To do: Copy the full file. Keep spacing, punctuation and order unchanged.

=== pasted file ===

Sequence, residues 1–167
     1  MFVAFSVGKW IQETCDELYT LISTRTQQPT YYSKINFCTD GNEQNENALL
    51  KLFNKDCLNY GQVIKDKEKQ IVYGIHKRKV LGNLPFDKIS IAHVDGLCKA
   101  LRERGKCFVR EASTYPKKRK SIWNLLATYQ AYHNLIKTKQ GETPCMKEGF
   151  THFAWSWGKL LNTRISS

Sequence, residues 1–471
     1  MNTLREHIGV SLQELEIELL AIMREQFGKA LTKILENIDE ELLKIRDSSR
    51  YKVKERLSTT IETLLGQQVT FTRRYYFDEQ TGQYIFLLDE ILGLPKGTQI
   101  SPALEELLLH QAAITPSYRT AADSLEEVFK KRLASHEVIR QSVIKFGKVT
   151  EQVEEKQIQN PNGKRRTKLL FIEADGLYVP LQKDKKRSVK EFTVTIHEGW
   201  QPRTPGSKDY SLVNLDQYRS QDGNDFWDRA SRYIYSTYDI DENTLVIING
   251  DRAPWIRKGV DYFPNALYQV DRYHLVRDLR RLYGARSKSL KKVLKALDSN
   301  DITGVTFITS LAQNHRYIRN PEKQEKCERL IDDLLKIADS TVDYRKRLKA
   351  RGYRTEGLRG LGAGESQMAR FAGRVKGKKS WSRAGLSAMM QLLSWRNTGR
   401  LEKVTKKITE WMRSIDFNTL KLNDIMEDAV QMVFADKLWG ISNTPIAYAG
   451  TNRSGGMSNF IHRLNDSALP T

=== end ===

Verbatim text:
Sequence, residues 1–167
     1  MFVAFSVGKW IQETCDELYT LISTRTQQPT YYSKINFCTD GNEQNENALL
    51  KLFNKDCLNY GQVIKDKEKQ IVYGIHKRKV LGNLPFDKIS IAHVDGLCKA
   101  LRERGKCFVR EASTYPKKRK SIWNLLATYQ AYHNLIKTKQ GETPCMKEGF
   151  THFAWSWGKL LNTRISS

Sequence, residues 1–471
     1  MNTLREHIGV SLQELEIELL AIMREQFGKA LTKILENIDE ELLKIRDSSR
    51  YKVKERLSTT IETLLGQQVT FTRRYYFDEQ TGQYIFLLDE ILGLPKGTQI
   101  SPALEELLLH QAAITPSYRT AADSLEEVFK KRLASHEVIR QSVIKFGKVT
   151  EQVEEKQIQN PNGKRRTKLL FIEADGLYVP LQKDKKRSVK EFTVTIHEGW
   201  QPRTPGSKDY SLVNLDQYRS QDGNDFWDRA SRYIYSTYDI DENTLVIING
   251  DRAPWIRKGV DYFPNALYQV DRYHLVRDLR RLYGARSKSL KKVLKALDSN
   301  DITGVTFITS LAQNHRYIRN PEKQEKCERL IDDLLKIADS TVDYRKRLKA
   351  RGYRTEGLRG LGAGESQMAR FAGRVKGKKS WSRAGLSAMM QLLSWRNTGR
   401  LEKVTKKITE WMRSIDFNTL KLNDIMEDAV QMVFADKLWG ISNTPIAYAG
   451  TNRSGGMSNF IHRLNDSALP T